Blackmail, Scandal and Revolution, London's French libellistes 1758-1792 - Simon Burrows
Review by Gerald Levy
IN AN age when pornography has become mainstream, it may not be surprising that there developed what has been called the theory of the pornographic cause of the French Revolution.
This came in two parts. First, factual. We were told that there was a massive amount of pornographic pamphlet literature distributed in France in the 10 years or so before 1789.
This principally satirised the Queen, Marie-Antoinette (pictured above, as depicted by Kirsten Dunst in the recent movie), attributing to her promiscuous bi-sexual activities, vividly illustrated – nothing was left to the imagination. Second, explanatory.
It was contended that this massive distribution of anti-monarchical pornography served to make royalty appear less sacred, and so caused, or at least facilitated, the attack on the French monarchy in the Revolution itself.
For many years, Simon Burrows has conducted an enquiry as to whether the factual foundation of this theory is true. The result is that he has established by hard work that the circulation of porno-pamphlets – called libelles – was far narrower than used to be believed.
His attack has two main wings. First, he looks at the authors of these pamphlets – the libellistes. Most of them lived in London, and they were a decidedly unappetising crew. For the most part, they were not revolutionaries, or even radical in sympathy. Their game was not to lampoon the Queen nor or create a climate of opinion ripe for revolution. They were mere blackmailers. They produced pamphlets not to sell them but to get the authorities to buy them up so as to prevent their being sold. No wonder few were distributed.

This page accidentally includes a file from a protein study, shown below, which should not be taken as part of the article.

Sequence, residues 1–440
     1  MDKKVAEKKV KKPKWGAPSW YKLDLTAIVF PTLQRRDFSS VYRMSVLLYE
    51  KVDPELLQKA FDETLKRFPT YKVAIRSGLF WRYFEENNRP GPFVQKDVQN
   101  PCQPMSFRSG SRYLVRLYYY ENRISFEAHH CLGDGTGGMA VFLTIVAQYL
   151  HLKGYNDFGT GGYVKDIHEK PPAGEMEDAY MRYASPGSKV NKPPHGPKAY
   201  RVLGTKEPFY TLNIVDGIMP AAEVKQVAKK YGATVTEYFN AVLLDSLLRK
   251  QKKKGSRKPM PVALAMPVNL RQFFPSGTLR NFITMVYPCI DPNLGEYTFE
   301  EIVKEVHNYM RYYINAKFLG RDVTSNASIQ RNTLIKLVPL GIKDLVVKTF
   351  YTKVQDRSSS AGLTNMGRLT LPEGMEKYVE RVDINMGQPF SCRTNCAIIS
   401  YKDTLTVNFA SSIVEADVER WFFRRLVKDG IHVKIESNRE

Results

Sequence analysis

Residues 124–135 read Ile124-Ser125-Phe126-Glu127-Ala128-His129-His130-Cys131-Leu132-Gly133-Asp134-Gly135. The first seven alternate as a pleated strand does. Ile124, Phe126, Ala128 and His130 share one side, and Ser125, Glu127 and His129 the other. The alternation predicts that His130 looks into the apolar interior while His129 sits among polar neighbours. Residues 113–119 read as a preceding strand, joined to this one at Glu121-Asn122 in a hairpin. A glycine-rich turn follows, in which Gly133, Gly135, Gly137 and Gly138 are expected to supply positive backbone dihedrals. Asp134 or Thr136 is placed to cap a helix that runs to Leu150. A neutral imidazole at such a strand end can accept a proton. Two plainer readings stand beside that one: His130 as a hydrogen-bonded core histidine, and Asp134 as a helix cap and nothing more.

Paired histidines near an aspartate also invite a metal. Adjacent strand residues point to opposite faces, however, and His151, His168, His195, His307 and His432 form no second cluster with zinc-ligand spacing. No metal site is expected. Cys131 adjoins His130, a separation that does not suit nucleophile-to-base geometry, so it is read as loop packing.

The second wing of his attack to is to ascertain how many pamphlets were actually distributed by looking at the records of printers, and by trying to find copies in French houses and libraries. Very few copies have been found. Further, there are no translations of these libelles into English, which is what one would have expected from a widely distributed French pamphlet of this kind.
At the end, it is clear that a substantial quantity of pornographic literature of one kind or another ridiculing Louis XV and his allegedly ex-prostitute mistress, Mme du Barry, and also Marie-Antoinette and Louis XVI, was distributed, but the extent of such distribution is left unclear. Nor does the book deal with the extent of manuscript and oral attacks on the sexual conduct of the Queen. But one thing at a time!
Mr Burrows has shown that, contrary to received opinion, pre-revolutionary France was not flooded with pornographic libelles about Marie-Antoinette. Not the biggest point in the world, perhaps, but history is constructed out of building blocks of fact, and Mr Burrows has established that one block is far smaller than has been generally believed.
This is a first-class piece of research, using some sophisticated techniques. The book is well-produced, but a cover price of £50 suggests that publishers have plumped for an exclusively academic-library market.
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